In order to attach the support plate 7 which the mounted ski binding support 2 to the ski it is sufficient to insert the plate 7 into the guiding piece 9 by rearward tongue 22 and to place opening 23 of the front tongue 21 upon peg 13. Plastics cover 14 is then slid onto the securing rail 10 and secured by means of securing screw 16. Altogether this allows a very easy and quick attachment of the support plate 7 with the ski binding 6 to the ski 1. According to the intended use, e.g. as private skis or rental skis, the securing screw 16 may be operated by a coin or a screwdriver or alternatively, if an easy removal is not desired, a hexagon socket screw or another exclusive screw may be used instead of the illustrated screw, said screw being operable by a special tool only. It is possible in the represented example to remove the support plate, or e.g. just the support plate of one ski, and to carry ti along in order to render the skis unattractive for thieves.

The binding support of the invention not only allows an easy changeover of the bindings 6 to other skis which are provided with the attaching means, whereby considerable expenses for the bindings on other skis are saved, but also a substantial gain in skiing quality due to the longitudinally freely displaceable end of the binding, whereby the original resilience of the ski is conserved, on one hand, and through the use of a rubber-elastic shock absorber, on the other hand, in order to absorb shocks imparted to the ski boots and thus to the skier. Moreover, the present system allows a removal of the ski binding for transport, which is especially significant if the skis are transported on a rooftop carrier by private car as the bindings are very delicate with respect to soiling, which occurs especially during driving if the skis are not protected by a ski bag. Besides, it is favorable with respect to the aerodynamics of the skis on the ski carrier if the bindings are dismounted.

Moreover, the use of the ski binding support of the invention allows an adjustment of the bindings without the skis, which is a great simplification especially if the transport is not effected by car.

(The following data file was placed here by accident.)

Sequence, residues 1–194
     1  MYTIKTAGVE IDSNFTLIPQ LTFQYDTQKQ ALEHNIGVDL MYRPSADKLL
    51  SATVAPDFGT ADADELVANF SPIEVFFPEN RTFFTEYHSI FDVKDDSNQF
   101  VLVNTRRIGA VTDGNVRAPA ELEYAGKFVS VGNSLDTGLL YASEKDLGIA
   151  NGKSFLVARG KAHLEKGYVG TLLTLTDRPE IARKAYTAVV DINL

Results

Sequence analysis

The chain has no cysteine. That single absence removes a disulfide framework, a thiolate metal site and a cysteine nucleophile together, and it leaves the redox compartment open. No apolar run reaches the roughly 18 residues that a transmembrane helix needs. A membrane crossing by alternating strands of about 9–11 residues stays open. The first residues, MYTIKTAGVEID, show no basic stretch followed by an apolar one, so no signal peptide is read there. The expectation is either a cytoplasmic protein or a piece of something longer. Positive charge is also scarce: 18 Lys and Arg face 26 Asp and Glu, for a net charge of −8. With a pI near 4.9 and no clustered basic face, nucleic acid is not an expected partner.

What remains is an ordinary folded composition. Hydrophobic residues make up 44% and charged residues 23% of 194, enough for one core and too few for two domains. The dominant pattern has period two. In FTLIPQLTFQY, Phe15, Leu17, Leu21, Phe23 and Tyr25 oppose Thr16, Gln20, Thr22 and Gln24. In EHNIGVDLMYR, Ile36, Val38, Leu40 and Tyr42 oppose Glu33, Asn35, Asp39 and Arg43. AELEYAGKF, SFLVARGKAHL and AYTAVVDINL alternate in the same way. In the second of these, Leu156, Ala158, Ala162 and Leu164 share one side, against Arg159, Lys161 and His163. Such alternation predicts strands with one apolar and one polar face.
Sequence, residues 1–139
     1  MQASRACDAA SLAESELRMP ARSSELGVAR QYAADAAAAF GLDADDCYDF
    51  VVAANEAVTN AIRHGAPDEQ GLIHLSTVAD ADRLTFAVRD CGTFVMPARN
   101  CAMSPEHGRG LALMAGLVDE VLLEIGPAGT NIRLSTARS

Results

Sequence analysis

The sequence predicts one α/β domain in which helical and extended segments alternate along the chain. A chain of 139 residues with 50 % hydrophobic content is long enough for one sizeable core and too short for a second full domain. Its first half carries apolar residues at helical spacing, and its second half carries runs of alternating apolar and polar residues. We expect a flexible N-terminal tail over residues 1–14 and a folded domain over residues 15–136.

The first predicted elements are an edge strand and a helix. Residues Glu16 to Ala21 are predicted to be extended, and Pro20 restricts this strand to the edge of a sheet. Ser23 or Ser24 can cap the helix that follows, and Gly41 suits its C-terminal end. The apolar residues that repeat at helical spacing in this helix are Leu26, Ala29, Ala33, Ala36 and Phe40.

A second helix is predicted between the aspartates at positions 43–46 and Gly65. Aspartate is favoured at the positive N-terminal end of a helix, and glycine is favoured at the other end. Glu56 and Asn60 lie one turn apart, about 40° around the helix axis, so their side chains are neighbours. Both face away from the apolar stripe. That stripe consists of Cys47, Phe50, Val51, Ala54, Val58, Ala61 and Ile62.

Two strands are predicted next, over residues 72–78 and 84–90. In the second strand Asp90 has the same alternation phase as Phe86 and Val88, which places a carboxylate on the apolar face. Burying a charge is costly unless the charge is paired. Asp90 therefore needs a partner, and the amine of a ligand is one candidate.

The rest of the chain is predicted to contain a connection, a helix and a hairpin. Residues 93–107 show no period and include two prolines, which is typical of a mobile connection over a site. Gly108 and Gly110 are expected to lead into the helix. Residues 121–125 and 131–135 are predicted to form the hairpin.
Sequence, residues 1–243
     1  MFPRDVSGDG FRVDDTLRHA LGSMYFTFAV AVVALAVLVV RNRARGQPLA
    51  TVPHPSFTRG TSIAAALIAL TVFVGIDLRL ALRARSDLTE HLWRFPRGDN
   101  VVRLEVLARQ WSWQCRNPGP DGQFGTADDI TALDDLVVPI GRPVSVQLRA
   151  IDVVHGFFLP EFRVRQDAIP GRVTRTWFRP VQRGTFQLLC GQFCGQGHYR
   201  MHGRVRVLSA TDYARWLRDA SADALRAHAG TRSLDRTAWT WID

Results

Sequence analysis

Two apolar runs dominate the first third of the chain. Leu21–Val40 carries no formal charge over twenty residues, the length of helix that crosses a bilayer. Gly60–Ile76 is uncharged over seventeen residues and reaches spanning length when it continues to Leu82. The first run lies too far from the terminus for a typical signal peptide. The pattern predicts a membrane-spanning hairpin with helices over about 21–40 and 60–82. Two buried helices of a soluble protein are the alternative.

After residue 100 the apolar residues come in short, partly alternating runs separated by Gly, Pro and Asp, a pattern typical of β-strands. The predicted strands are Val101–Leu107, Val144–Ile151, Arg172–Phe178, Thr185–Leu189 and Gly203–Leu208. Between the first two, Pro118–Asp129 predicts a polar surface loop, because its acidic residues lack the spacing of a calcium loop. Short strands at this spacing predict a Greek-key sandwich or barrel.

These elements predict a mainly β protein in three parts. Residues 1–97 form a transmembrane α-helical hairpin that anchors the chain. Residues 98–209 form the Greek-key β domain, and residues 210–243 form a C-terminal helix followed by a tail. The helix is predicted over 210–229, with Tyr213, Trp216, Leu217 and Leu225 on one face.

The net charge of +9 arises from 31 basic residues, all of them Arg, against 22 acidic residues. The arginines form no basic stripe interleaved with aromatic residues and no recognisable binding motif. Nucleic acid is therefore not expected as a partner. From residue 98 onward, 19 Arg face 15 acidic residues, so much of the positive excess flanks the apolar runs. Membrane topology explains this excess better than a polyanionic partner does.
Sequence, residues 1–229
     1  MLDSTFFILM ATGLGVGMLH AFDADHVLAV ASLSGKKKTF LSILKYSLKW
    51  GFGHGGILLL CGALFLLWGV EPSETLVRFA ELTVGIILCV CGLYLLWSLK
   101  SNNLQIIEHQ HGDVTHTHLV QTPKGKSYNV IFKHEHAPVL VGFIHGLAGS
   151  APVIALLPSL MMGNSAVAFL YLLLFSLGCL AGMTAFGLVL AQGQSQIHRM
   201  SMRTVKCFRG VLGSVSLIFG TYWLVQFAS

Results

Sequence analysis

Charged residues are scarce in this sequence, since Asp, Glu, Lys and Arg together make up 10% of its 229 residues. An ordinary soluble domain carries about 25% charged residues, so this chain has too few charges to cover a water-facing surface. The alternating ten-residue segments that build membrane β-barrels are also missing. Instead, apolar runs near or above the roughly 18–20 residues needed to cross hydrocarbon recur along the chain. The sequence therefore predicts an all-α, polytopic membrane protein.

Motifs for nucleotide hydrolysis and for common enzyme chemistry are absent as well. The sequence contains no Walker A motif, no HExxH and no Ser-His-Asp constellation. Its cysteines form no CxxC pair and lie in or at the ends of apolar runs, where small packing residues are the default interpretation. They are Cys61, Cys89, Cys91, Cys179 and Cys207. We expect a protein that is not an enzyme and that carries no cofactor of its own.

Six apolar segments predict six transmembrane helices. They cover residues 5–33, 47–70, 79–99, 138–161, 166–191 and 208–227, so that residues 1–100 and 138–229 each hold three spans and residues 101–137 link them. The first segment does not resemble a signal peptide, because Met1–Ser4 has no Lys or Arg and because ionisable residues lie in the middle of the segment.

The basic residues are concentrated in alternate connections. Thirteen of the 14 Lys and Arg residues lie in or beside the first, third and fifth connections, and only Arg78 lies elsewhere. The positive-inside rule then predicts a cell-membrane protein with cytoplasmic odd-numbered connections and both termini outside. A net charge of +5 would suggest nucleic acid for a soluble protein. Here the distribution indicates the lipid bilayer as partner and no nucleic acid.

The list of the above-described advantages can be considerably enlarged if the alternative embodiment according to FIG. 6 is added. This alternative embodiment refers to a ski binding support for touring skis, which must provide the possibility of lifting the feet. Ski bindings for touring skis are known where the ski binding can be set by means of complicated mechanisms, either to a touring position or to a downhill position. In the present embodiment according to FIG. 6, this is achieved by the illustrated ski binding support 26. Securing piece 8, which can only be disposed at the front in this case, as well as the rearward guiding piece 9 are identical to those of the previously described embodiment. The support plate, however, is different from support plate 7 of the first embodiment. Support plate 27 is composed of a center portion 28 which ends in downwardly angled portion or piece 29 at the back and is provided with the same cranked tongue 30 as in the previous example, the first bend comprising an articulation 31, however. Here also, the base plate 32 is made of a low-friction plastics material, and a rubber-elastic shock absorber 34 is interposed between said base plate and cover plate 33 as well. A blocking tab 35 is slidably mounted underneath the rear part of cover plate 33, at least the very front portion of said tab having the same configuration as the rearward tongue 22 of the first embodiment. As illustrated rather schematically, tab 35 is held in the cover plate 33 by means of a locking screw 36 which is displaceable in a slot 37 of the cover plate 33, and moreover guided in a corresponding opening 38 of angled portion 29. A washer 19 is disposed between tab 35 and the underside of the cover plate 33. In the position as shown in FIG. 6, the ski binding support is mounted in the touring position, i.e. support plate 27 is pivotable around articulation 31, whereby walking with the skis is possible. For downhill skiing, the tab 35 is pushed into guiding piece 9 and the screw 26 is tightened, whereby the binding support and thus the binding fulfills the same function as in the first example for regular downhill use. The possible applications of the ski binding support according to the invention are substantially augmented by the use of this detachable touring binding.